Skating uphill on a motorised board

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IOL mot pic feb21 madelyn skating INLSA Cape Argus reporter Madelyn Stone tries out a motorised skateboard. Picture: Robin Clark

Cape Town - Skateboarders have been known to reach breakneck speeds going down the city’s winding roads. But when a skateboarder is cruising uphill at around 30km/h, it’s obvious something is up.

Local musician Jeremy Loops started riding an electrically powered skateboard to streamline his commute to meetings and recording sessions around town.

“Probably one of the most fun parts is all the looks you get as you go past everybody,” he said.

“With the electric skateboard, I can go anywhere.”

“Driving the car is a mission; now I don’t have to worry about parking. There don’t seem to be any traffic laws… It feels like skateboarding, but it’s much more fun riding uphill.”

Motorised skateboards are gaining momentum as recreational tools and alternatives to petrol-fuelled commutes and the sight of skaters speeding uphill seems set to become more common.

IOL mot pic feb21 linden skating Linden Jacobs gets a move on at Long Beach Mall in Noordhoek on the 800W model. Picture: Robin Clark INLSA

Urban Machine skateboard shop owner Kane Mitchell brought the motorised skateboard phenomenon to South Africa, where his store now has exclusive distribution rights for the country.

“They’re the way of the future.”

An avid skateboarder for much of his life - he still keeps a 1.5-metre half-pipe in his garden for himself and his children - Mitchell first came across the motorised models in 2010.

Boards fitted with wheels with the circumference of a sweet melon and a series of blue LED lights along the sides now round out the BMX and skate shop in Noordhoek.

Speedy, practical and ecological, with a range of about 15km, the boards offer a green alternative to noisy, cumbersome, polluting means of transport.

Going downhill, the motorised skateboard has been said to reach speeds of 80km/h.

Mitchell enjoys riding the boards, but said he would not recommend reaching those speeds.

“That’s just frightening,” he said, though he is not afraid to break 30km/h.

Even going uphill, these electrically powered, rechargeable boards can outpace a bicycle. Models include the relatively small-wheeled 600-watt board, which reaches speeds of as much as 25km/h, and the 32km/h 800W model with all-terrain tyres.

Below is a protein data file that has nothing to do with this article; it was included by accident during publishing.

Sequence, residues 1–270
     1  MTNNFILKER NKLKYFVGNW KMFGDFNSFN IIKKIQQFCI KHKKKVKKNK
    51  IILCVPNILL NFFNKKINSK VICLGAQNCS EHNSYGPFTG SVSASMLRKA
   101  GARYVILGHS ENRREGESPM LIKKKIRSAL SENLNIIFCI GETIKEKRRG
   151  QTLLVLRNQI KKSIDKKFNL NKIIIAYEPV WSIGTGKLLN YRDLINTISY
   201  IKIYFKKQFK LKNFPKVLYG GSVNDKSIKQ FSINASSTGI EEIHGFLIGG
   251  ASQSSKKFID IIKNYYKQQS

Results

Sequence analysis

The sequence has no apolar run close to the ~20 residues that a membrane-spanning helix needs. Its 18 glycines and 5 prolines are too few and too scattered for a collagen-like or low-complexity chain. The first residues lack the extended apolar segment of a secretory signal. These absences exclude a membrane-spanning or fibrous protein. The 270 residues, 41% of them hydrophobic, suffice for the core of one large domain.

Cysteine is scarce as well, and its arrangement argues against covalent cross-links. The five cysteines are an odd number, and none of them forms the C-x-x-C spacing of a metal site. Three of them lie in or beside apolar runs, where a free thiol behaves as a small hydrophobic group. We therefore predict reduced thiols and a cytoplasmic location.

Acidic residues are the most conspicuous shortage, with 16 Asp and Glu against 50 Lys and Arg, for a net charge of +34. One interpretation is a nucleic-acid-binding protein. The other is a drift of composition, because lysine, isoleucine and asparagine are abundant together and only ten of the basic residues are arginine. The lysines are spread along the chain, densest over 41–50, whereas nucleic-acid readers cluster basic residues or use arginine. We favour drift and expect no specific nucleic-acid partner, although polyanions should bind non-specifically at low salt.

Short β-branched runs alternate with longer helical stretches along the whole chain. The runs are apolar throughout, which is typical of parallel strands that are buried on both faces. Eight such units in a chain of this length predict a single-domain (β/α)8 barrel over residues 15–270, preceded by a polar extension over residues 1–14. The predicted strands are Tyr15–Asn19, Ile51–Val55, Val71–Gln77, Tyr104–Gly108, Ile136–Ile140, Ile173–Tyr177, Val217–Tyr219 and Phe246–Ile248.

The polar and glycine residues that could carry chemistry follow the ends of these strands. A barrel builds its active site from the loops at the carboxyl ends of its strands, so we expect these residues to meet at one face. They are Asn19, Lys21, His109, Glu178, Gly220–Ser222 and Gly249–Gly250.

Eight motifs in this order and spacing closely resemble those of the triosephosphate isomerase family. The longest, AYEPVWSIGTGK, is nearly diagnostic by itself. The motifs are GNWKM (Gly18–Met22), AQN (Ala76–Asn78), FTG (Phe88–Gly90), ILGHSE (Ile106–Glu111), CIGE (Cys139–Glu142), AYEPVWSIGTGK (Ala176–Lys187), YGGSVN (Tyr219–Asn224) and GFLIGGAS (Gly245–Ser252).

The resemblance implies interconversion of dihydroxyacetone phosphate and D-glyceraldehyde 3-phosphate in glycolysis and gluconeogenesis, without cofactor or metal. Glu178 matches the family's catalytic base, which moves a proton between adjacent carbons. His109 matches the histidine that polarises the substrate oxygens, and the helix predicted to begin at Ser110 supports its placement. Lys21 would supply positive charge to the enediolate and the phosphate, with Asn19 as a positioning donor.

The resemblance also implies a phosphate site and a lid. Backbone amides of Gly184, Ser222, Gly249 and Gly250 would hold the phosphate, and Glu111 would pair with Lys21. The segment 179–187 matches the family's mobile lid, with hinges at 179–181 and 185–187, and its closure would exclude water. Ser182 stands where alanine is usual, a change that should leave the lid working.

Urban Machine plans to begin selling a 1500W model soon.

That’s enough power to reach 48km/h.

Pulling the trigger on a pistol-shaped remote controls the speed, and an anti-lock braking system helps give the rider more control.

Mitchell recommends wearing a helmet and wrist guards and cautions that the boards are meant for skaters at least 14 years old, though he admits his nine-year-old daughter is an avid rider.

He has sold boards to extreme sport enthusiasts, intrepid commuters and even a 72-year-old man.

“It’s not just for extremists at all. It’s for everybody to have a good time.”

We tried the 800W model and we weren't disappointed. The slightest pressure on the remote control trigger zips the board to life, and it's easy to get jolted on the first few tries.

Keeping steady is the trickiest part. As Kane Mitchell pointed out, "you do use a lot of core strength" maintaining your balance on the board.

I was mostly happy not to fall off.

Steering was a challenge, a compromise between giving the board enough tilt and keeping your face far enough off the ground.

I must also admit I never squeezed the trigger full throttle. Even at less than half-speed, probably about 10km/h, I felt just near the edge of careering sideways. Making it to 32km/h, not to mention 48km/h, seemed insane.

A few more tries and I might see how motor-skaters could write their own definition of the term "trigger happy". Not sure if I'd drop R4000 on a board just yet, but there are days when Cape Town traffic sure makes this commuting option appealing.

Cape Argus



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